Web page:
Andrew McCarthy’s Road Trip in Ireland

Andrew McCarthy’s Road Trip in Ireland

Courtesy of Andrew McCarthy
Courtesy of Andrew McCarthy
Andrew McCarthy explores local lore in search of Ireland’s Magic Road.

I’d heard about it for years. A legend that captured the blarney and the self-aware self-mockery tinged with pride so unique to the Irish. The Magic Road. A road that defies gravity, where a car, set in neutral, will roll uphill of its own accord. It couldn’t be true, could it?

Day One: Dublin to Enniskerry

It went wrong from the start. Someone had told me that the Magic Road was in the Wicklow Mountains, south of Dublin. I headed out of town on the N11, but something didn’t feel right. (This kind of a fool’s errand is all about feel.) I got off the motorway at the picturesque village of Enniskerry, and stopped in at Johnnie Fox’s Pub (Glencullen; 353-12/955-647; drinks for two $13), a rustic charmer famous throughout Ireland. Nobody had heard of a magic road anywhere near there. What was close by was Powerscourt, a 12th-century country estate with formal gardens. I asked around without success, but really I was lingering, absorbed in the peace and views of Sugar Loaf Mountain. I decided to cut my losses for the day and check in to the Ritz-Carlton, Powerscourt (doubles from $413), on the property. Smart move.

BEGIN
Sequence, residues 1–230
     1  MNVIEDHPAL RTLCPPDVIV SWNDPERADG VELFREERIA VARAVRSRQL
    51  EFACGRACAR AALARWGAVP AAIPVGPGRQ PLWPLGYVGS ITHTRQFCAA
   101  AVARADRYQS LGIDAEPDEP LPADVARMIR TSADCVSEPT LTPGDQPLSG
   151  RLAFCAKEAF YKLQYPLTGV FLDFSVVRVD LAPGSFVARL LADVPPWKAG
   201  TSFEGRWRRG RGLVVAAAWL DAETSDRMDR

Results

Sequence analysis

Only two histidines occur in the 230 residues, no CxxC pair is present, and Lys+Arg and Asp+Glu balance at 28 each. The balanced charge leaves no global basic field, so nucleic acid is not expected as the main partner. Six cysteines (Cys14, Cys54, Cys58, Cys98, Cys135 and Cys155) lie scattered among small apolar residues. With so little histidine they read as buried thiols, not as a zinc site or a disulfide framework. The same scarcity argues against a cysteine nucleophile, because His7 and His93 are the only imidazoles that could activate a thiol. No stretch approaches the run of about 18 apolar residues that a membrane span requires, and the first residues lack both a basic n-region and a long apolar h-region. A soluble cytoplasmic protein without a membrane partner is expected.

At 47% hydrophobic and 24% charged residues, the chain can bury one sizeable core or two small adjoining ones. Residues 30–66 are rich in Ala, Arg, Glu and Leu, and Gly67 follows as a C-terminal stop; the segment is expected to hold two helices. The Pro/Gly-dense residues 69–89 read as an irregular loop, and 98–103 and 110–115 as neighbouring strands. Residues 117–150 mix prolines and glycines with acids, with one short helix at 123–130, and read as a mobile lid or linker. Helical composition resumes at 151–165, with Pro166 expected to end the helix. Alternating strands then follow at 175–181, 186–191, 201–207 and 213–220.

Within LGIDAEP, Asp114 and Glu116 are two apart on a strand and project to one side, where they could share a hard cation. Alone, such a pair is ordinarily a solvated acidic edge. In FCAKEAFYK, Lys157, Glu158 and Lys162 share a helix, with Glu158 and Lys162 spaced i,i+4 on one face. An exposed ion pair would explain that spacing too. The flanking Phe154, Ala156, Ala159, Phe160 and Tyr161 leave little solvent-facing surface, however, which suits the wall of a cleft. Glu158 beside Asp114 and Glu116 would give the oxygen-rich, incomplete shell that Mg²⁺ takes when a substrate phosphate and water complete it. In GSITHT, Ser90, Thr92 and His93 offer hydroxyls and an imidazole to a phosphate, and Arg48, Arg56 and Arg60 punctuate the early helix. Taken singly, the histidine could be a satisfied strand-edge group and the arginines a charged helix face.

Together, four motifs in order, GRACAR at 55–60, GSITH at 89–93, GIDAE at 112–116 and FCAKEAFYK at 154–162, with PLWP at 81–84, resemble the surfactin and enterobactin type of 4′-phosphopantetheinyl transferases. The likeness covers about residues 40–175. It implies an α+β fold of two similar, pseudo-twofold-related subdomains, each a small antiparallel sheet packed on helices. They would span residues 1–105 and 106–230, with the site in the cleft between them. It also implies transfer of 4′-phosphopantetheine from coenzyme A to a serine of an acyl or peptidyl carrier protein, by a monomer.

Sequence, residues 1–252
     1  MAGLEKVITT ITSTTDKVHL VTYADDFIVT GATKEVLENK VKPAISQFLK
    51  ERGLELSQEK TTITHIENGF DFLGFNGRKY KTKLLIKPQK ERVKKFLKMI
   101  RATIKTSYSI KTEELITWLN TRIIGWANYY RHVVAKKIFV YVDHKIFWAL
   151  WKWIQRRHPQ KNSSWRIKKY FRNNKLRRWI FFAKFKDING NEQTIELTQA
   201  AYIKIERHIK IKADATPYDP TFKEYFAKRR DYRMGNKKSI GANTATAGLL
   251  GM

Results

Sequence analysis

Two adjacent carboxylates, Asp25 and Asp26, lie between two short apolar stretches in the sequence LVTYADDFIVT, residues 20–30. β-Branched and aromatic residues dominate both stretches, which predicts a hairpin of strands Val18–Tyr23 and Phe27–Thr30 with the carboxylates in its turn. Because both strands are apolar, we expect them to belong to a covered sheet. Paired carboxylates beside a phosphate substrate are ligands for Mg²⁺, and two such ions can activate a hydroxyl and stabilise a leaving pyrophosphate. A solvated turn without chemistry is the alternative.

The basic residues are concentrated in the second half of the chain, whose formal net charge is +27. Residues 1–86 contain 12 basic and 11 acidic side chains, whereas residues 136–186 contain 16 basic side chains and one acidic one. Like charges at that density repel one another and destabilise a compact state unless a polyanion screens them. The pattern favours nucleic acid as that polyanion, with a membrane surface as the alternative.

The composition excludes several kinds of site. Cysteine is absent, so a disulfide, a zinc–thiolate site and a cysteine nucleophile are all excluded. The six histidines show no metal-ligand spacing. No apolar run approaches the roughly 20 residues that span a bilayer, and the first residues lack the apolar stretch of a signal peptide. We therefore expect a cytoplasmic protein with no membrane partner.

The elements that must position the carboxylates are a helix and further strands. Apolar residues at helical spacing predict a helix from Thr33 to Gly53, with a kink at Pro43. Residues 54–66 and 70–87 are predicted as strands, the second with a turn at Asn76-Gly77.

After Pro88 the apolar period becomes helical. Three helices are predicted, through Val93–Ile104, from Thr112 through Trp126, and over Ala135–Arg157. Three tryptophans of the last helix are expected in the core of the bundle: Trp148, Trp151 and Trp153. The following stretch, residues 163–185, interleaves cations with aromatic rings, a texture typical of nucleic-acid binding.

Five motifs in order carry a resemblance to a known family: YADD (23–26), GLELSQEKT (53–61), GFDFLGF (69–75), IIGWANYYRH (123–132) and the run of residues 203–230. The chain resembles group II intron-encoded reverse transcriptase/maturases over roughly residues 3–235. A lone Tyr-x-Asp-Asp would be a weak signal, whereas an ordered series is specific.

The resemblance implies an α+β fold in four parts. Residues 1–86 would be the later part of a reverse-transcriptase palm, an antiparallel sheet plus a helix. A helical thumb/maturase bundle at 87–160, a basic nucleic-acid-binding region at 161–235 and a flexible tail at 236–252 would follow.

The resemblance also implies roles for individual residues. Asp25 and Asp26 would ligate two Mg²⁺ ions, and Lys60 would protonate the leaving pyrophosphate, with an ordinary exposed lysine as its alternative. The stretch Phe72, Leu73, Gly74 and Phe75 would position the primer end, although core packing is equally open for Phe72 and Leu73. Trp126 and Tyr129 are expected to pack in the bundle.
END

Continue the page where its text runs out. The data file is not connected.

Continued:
Day Two: Enniskerry to Donore to Carlingford

I’d gotten several hints that the road I was looking for might be in County Meath. I headed north. The day was gloomy and wet, ripe for some Irish magic. I bypassed Dublin and eased onto the M1, then the N51, then onto a narrow, hedge-bound lane that looked the way roads in Ireland used to, before all that EU money. Suddenly I was in front of the ancient monument of Newgrange—the Neolithic Unesco World Heritage site. After a mesmerizing hour I was back on the road. But I was closer, I could feel it. Most people I asked knew what I was after; some had even been there. Past Dundalk I turned onto the coast road. Outside Carlingford I asked again. Yes, I was close, very. A left, another left, and a right, and I was there. It looked like any other road; in fact, I rolled right over it and had to backtrack. I found the swale, shifted the car into neutral, turned off the ignition, released the brake, and...only in Ireland.

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